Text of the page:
martes, 23 de junio de 2015

Campylobacter still threatens a third of UK population

Reducing the numbers of the most highly contaminated birds would cut the public health risk by about 50%.
 Campylobacter could infect a third of the UK population at some stage during their lifetime, according to figures just released by the Food Standards Agency (FSA). The figure was based on the current infection rates of more than a quarter of a million people a year, the FSA said.

The FSA disclosed the figure to mark the start of 2015’s Food Safety Week. The move also coincides with the launch of the FSA’s ‘Chicken Challenge’ – its call to the whole food chain to halve the number of campylobacter food poisoning cases by 2016.

Biggest cause of food poisoning Campylobacter is most frequently found on raw poultry and is the biggest cause of food poisoning in the UK. An estimated 280,000 currently fall ill with Campylobacter food poisoning every year.

This research showed that reducing the numbers of the most highly contaminated birds would cut the public health risk by about 50%, the FSA claimed. That would save thousands of people a year from falling prey to a painful form of food poisoning, which, in some cases, could result in Guillain-Barre paralysis.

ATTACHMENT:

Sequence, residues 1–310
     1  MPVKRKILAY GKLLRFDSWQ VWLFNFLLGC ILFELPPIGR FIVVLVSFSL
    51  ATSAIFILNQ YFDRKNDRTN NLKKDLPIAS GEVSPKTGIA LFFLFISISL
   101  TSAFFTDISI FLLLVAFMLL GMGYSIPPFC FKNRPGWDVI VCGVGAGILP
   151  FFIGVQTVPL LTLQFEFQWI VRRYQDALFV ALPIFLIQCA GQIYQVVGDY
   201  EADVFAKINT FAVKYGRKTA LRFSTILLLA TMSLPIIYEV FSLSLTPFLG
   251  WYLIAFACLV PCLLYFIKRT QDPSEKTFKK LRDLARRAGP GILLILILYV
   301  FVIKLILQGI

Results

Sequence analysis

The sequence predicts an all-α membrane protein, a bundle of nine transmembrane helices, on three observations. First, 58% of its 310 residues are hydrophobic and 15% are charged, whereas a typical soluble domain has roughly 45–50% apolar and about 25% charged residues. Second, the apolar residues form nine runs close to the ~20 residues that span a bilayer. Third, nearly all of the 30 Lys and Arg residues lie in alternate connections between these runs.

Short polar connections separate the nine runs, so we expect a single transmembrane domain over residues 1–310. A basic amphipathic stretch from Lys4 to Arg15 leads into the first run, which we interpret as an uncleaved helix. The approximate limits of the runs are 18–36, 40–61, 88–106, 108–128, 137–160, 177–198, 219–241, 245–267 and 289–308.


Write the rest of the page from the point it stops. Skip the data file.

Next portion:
The FSA has been leading the industry on reducing Campylobacter contamination and is currently conducting a yearlong survey looking at the levels of campylobacter on fresh completely chilled retail chickens and their packaging. In partnership with farmers and producers, through to caterers and retailers, all parts of the food chain have been working to meet the 2015 target.

Now, up to a third of us could fall ill with Campylobacter at some point in our lives. We all have a responsibility to do what we can to reduce that figure. If everyone lives up to their promises – the FSA, consumers, and the industry – then this really can happen, hugely reducing the number of people who get ill every year.

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